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  The Lost Prince Frances Hodgson Burnett

VI The Drill and the Secret Party

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Loristan did not forbid Marco to pursue his acquaintance with The Rat and his followers.

``You will find out for yourself whether they are friends for you or not,'' he said. ``You will know in a few days, and then you can make your own decision. You have known lads in various countries, and you are a good judge of them, I think. You will soon see whether they are going to be MEN or mere rabble. The Rat now--how does he strike you?''

And the handsome eyes held their keen look of questioning.

``He'd be a brave soldier if he could stand,'' said Marco, thinking him over. ``But he might be cruel.''

``A lad who might make a brave soldier cannot be disdained, but a man who is cruel is a fool. Tell him that from me,'' Loristan answered. ``He wastes force--his own and the force of the one he treats cruelly. Only a fool wastes force.''

``May I speak of you sometimes?'' asked Marco.

``Yes. You will know how. You will remember the things about which silence is the order.''

``I never forget them,'' said Marco. ``I have been trying not to, for such a long time.''

``You have succeeded well, Comrade!'' returned Loristan, from his writing-table, to which he had gone and where he was turning over papers.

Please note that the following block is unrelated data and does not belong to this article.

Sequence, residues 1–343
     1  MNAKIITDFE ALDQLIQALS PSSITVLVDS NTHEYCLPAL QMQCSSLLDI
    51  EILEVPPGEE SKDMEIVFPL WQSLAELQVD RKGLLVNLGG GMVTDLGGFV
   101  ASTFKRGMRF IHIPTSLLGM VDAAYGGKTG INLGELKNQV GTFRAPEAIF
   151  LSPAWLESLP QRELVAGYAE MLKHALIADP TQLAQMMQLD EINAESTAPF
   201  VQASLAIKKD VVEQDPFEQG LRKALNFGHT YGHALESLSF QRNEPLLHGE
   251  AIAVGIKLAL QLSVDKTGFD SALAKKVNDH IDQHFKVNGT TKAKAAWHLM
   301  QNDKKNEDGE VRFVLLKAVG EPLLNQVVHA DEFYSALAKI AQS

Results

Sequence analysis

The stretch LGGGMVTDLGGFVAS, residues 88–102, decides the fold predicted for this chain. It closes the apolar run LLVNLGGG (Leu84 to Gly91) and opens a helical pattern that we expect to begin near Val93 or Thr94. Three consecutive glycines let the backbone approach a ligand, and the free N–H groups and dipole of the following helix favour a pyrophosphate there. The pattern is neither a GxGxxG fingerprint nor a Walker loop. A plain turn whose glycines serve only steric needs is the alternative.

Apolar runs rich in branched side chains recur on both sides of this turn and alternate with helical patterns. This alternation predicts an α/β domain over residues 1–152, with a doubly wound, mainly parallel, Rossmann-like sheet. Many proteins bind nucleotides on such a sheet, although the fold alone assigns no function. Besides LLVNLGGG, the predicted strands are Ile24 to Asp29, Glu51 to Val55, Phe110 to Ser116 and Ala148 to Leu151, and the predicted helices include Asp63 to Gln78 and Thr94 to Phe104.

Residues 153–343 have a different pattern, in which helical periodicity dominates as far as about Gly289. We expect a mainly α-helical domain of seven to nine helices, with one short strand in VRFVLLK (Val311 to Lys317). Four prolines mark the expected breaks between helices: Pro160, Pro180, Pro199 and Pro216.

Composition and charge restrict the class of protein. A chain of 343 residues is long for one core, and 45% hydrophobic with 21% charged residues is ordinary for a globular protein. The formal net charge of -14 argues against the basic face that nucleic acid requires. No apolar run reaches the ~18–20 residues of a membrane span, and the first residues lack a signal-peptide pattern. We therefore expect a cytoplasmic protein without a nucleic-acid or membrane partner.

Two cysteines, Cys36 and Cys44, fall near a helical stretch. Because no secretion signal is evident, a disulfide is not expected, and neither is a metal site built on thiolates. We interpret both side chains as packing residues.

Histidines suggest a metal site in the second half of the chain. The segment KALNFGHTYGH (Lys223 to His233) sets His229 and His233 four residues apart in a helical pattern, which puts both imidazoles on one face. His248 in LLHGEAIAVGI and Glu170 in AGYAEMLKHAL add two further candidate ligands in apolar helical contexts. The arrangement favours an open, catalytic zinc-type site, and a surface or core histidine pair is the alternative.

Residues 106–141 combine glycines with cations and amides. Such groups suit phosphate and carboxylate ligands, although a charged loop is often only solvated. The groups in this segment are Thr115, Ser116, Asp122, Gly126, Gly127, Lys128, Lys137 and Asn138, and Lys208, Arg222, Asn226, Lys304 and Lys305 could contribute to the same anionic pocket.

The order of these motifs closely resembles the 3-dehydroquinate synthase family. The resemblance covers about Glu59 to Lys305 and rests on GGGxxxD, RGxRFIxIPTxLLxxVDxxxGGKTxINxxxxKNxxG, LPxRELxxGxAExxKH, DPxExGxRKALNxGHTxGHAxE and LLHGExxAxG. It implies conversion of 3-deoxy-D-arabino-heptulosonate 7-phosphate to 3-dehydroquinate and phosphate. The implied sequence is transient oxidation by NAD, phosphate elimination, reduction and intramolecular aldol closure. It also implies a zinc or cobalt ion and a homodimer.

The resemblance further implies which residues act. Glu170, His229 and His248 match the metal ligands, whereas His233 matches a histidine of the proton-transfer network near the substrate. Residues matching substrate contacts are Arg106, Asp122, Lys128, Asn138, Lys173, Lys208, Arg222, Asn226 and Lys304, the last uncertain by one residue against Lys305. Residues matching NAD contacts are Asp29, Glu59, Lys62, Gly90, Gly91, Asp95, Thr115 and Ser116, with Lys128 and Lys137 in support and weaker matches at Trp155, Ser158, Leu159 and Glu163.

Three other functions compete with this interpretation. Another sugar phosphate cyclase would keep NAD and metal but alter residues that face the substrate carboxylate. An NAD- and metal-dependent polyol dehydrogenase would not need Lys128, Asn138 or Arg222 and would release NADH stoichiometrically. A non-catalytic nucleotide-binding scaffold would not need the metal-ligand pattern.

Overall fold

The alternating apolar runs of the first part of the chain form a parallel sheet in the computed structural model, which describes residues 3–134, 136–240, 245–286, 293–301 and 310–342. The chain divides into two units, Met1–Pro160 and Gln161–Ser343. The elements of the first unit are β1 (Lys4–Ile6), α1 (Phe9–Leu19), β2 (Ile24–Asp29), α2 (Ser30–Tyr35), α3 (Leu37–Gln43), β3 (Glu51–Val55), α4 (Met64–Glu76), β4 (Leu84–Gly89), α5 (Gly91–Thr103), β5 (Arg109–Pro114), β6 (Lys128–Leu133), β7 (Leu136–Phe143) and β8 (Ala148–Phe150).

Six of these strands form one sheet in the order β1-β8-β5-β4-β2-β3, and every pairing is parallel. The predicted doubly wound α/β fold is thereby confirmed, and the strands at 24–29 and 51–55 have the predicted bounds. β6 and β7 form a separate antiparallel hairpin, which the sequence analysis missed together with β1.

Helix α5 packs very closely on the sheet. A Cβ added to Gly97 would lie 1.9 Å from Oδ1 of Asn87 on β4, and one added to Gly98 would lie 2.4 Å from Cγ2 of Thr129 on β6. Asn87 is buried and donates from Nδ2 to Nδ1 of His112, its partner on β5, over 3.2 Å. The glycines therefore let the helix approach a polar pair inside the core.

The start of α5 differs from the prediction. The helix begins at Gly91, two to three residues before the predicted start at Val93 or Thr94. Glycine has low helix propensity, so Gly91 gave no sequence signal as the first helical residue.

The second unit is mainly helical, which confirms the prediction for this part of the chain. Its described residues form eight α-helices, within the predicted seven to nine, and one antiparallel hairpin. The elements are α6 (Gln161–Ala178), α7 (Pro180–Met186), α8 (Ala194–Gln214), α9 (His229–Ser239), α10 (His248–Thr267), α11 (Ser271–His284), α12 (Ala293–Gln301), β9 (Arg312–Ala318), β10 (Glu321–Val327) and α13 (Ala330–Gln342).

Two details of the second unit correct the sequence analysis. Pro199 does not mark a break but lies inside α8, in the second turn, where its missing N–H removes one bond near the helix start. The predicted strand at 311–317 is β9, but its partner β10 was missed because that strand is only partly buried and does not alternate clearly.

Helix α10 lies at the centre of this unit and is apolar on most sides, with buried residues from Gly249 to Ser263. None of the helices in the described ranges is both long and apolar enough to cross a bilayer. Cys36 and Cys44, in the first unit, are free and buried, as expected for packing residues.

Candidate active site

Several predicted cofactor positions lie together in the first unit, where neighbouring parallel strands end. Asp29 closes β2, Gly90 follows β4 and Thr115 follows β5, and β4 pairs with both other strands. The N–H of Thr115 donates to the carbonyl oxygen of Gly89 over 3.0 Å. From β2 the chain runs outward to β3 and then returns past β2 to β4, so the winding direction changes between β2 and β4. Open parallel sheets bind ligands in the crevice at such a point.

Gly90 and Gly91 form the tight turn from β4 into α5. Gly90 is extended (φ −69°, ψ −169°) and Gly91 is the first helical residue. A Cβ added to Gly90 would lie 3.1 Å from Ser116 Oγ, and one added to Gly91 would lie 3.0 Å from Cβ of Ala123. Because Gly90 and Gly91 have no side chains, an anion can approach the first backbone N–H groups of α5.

A strong impulse overpowered the boy. He marched over to the table and stood very straight, making his soldierly young salute, his whole body glowing.

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``Father!'' he said, ``you don't know how I love you! I wish you were a general and I might die in battle for you. When I look at you, I long and long to do something for you a boy could not do. I would die of a thousand wounds rather than disobey you--or Samavia!''

He seized Loristan's hand, and knelt on one knee and kissed it. An English or American boy could not have done such a thing from unaffected natural impulse. But he was of warm Southern blood.

``I took my oath of allegiance to you, Father, when I took it to Samavia. It seems as if you were Samavia, too,'' he said, and kissed his hand again.

Loristan had turned toward him with one of the movements which were full of dignity and grace. Marco, looking up at him, felt that there was always a certain remote stateliness in him which made it seem quite natural that any one should bend the knee and kiss his hand.

A sudden great tenderness glowed in his father's face as he raised the boy and put his hand on his shoulder.

``Comrade,'' he said, ``you don't know how much I love you--and what reason there is that we should love each other! You don't know how I have been watching you, and thanking God each year that here grew a man for Samavia. That I know you are--a MAN, though you have lived but twelve years. Twelve years may grow a man--or prove that a man will never grow, though a human thing he may remain for ninety years. This year may be full of strange things for both of us. We cannot know WHAT I may have to ask you to do for me--and for Samavia. Perhaps such a thing as no twelve-year- old boy has ever done before.''

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The Lost Prince
Frances Hodgson Burnett

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